LTER produces new video on long-term ecological research

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The Long Term Ecological Research (LTER) Network has released a new informational video, "Long Term Ecological Research: Addressing the Ecological Challenges of the 21st Century," that explains the long-term approach to ecological research and highlights the role and activities of the US LTER program. The video employs examples drawn from the various LTER sites to demonstrate how the LTER approach is providing solutions to some of the nation's most critical ecological challenges.

"We live in an age of change, and the LTER Network is dedicated to understanding how ecosystems and the services they provide to humans are affected by change," says Robert B. Waide, Executive Director of the LTER Network Office, which is based at the University of New Mexico in Albuquerque.

Both the new LTER video and a similar informational video about the International Long-Term Ecological Research (ILTER) Network produced in 2003 were sponsored by the National Science Foundation (NSF).

Jim Gosz, a former LTER chair and biology professor at the University of New Mexico, provides most of the explanations in the video (a professional narrator provides the overall narration).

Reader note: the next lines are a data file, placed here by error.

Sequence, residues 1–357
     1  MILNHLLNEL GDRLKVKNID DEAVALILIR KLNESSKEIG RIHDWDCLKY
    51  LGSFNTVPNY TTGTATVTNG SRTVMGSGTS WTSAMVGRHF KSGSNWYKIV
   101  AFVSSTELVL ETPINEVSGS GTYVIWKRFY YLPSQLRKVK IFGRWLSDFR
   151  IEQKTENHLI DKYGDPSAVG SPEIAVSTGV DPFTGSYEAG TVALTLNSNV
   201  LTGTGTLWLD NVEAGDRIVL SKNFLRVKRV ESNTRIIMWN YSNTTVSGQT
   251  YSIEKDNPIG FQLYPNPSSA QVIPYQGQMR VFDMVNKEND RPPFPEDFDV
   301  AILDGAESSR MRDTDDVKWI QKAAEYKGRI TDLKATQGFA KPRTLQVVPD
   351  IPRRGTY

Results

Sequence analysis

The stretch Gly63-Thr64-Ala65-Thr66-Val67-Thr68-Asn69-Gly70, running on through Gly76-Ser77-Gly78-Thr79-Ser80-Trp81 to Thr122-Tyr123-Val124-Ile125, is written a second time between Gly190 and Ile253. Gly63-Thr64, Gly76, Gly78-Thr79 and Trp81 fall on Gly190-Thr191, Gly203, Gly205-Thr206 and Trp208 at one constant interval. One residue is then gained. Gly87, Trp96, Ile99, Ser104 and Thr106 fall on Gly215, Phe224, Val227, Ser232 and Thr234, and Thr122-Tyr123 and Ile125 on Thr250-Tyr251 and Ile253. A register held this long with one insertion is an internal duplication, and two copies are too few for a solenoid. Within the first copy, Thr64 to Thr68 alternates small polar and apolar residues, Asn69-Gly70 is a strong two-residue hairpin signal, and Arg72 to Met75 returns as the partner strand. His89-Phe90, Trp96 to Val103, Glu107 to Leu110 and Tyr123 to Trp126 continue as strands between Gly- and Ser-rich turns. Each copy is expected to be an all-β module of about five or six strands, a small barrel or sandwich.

The video will be distributed in limited quantities in DVD format, but is also available for viewing or download online at

LTER is a coordinated network of 26 field research sites whose purpose is to support fundamental research on ecological processes occurring over long time periods and large geographical scales. The Network was formed in 1980 by the NSF and represent a diversity of habitats, including deserts, estuaries, lakes, ocean currents, coral reefs, prairies, various forests, alpine and Arctic tundra, urban areas, and production agriculture in continental North America, islands in the Caribbean and Pacific, and Antarctica. The Network's mission is to provide the scientific community, policy makers, and society with the knowledge and predictive understanding necessary to conserve, protect, and manage the nation's ecosystems, their biodiversity, and the services they provide.

For more information please contact: LTER Network Office, UNM Department of Biology, MSC03-2020, 1 University of New Mexico, Albuquerque, NM, 87131-0001; Phone: 1-505-277-2597; Fax: 1-505-277-2541; Email:; Web: